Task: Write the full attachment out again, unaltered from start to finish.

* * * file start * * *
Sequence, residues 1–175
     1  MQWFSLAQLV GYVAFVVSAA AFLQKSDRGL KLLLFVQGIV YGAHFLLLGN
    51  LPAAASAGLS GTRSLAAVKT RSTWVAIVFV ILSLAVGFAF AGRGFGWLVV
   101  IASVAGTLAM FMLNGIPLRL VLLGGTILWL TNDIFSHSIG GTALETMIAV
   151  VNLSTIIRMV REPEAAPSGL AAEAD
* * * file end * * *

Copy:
Sequence, residues 1–175
     1  MQWFSLAQLV GYVAFVVSAA AFLQKSDRGL KLLLFVQGIV YGAHFLLLGN
    51  LPAAASAGLS GTRSLAAVKT RSTWVAIVFV ILSLAVGFAF AGRGFGWLVV
   101  IASVAGTLAM FMLNGIPLRL VLLGGTILWL TNDIFSHSIG GTALETMIAV
   151  VNLSTIIRMV REPEAAPSGL AAEAD